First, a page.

• CITAN: a Scopus-centric package that uses a SQLite backend and does heavy-duty bibliometric analysis (h-indices, etc.)
  • RISmed is Pubmed-centric and defines a Reference class (seems sensible but geared pretty narrowly towards article-type references). It imports RIS format (a common tagged format used by ISI and others)
  • ris: a similar (?) package without the PubMed interface
  • bibtex: parses BibTeX files
  • RMendeley from the ROpenSci project
So: there's a little more infrastructure out there, but nothing (it seems) that will do what I want without breaking or bending rules.
  • ISI is big and evil and explicitly disallows scripted access.
  • PubMed doesn't cover ecology as well as I'd like.
  • I might be able to use Scopus but would prefer something Open (this is precisely why GS's cripplage annoys me so much).
  • Mendeley is nice, and perhaps has most of what I really want, but ideally I would prefer something with systematic coverage [my understanding is that the Mendeley databases would have everything that everyone has bothered to include in their personal databases ...]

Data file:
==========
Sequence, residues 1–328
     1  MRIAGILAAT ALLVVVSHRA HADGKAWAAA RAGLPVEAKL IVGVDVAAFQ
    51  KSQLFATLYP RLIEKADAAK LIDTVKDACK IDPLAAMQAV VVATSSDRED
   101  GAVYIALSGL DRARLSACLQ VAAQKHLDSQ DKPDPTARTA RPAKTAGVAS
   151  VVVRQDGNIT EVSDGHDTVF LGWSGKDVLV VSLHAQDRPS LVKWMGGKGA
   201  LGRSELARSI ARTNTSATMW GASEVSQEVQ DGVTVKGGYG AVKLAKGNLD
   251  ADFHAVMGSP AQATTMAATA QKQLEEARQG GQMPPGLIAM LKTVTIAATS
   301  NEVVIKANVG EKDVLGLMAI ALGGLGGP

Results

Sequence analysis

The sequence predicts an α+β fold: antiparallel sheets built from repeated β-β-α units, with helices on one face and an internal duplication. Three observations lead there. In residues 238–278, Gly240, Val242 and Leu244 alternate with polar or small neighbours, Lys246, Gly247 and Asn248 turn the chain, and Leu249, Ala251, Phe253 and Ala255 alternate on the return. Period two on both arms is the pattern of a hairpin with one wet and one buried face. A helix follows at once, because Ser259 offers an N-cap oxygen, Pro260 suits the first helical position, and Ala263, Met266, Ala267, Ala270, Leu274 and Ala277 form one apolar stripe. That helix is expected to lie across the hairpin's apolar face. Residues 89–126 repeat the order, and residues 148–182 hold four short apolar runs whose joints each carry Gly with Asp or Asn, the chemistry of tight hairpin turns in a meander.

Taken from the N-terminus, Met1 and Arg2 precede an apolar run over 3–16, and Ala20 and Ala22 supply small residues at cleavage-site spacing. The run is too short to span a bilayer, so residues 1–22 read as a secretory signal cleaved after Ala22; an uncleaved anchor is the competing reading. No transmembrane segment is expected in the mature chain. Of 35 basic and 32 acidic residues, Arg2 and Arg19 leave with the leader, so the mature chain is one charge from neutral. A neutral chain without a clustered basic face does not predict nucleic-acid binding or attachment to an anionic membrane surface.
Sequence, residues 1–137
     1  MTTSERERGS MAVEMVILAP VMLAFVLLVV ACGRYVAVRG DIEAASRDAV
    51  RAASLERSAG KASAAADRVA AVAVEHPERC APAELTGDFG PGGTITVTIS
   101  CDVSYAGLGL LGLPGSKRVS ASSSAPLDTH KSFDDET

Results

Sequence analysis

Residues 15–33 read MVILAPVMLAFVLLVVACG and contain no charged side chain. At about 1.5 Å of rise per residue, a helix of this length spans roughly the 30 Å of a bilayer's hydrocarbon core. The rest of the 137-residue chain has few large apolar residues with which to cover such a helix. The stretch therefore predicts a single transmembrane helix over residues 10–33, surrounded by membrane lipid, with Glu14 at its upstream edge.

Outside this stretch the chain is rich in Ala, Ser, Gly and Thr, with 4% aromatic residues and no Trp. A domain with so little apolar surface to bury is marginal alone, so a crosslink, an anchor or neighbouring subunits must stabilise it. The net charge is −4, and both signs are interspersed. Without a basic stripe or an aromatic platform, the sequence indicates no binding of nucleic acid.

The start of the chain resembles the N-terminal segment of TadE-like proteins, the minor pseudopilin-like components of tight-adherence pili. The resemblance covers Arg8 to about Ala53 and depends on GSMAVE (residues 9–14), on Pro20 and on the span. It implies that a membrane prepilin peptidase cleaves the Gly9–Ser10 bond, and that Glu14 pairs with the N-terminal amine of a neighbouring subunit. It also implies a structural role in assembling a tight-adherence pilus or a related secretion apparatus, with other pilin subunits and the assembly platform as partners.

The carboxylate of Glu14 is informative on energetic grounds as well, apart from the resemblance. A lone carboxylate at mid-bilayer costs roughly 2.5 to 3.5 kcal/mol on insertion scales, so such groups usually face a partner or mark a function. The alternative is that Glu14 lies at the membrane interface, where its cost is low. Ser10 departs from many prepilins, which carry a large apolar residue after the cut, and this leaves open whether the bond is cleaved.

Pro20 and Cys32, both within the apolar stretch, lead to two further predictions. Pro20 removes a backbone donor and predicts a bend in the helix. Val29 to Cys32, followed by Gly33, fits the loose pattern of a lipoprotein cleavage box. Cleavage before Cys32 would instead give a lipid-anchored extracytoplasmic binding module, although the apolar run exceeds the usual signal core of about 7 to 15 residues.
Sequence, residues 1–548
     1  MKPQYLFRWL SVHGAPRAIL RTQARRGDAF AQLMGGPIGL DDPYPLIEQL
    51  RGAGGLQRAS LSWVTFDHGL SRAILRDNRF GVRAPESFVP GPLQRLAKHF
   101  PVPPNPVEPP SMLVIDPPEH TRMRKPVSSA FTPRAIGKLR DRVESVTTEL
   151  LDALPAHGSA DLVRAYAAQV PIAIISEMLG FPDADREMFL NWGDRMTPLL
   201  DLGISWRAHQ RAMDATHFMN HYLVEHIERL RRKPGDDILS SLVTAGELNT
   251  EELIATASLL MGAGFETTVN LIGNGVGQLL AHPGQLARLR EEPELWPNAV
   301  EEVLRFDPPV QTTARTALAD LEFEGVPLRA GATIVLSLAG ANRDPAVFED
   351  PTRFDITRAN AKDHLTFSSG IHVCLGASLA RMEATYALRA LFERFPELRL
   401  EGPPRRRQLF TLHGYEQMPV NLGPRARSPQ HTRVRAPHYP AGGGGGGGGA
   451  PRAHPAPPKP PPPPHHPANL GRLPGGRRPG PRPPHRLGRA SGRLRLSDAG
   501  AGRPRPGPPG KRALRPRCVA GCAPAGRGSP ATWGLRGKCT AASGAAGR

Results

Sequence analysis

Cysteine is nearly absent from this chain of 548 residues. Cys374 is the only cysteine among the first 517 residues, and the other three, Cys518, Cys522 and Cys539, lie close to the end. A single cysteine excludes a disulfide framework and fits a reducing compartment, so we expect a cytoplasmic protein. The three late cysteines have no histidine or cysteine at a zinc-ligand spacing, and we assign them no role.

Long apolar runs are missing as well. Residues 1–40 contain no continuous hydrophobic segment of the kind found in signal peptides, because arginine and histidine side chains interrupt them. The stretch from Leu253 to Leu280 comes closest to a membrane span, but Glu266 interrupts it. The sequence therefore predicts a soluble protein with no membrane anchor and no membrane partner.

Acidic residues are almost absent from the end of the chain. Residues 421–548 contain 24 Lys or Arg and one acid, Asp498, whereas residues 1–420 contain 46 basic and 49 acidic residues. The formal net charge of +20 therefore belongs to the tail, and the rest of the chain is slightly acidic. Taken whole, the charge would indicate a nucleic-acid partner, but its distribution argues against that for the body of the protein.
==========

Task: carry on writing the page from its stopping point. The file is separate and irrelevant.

• I wonder if JSTOR would like to play ... ?
If anyone's feeling really bored, here are the features I'd like:
  • scrape or otherwise save information to a variety of useful fields (author, date, date, source title, title, keywords, abstract?
  • save/identify various types (e.g. article/book chapter etc.)
  • allow dump to CSV file
  • citation information would be cool -- e.g. to generate co-citation graphs --but might get big

I wonder if it's worth complaining to Google?

7 comments:

  1. VERY interesting post.
    Thank you for both linking out to people and for explaining your beef with google scholar - I do think you should complain to google, and I've forwarded this to people their that I know (though I don't know how close they are to the google scholar thing).

    With regards,
    Tal

    ReplyDelete
  2. Ben,

    thanks for illustrating the issue here again.
    The main purpose of my function is to retrieve titles - just because this is the best we can get for conclusion on covered topics. Abstracts are truncated and thus shouldn't be used for meta-analysis. Also titles are truncated, as you said, and there is no way around. Though, not as often and severe as with Abstracts.

    The CSV is optional, the df with word frequencies and the word cloud are always returned - for any other output one can easily add some appropriate lines to the script..

    My opinion:
    My function is good for a quick summary and illustration of a query-result.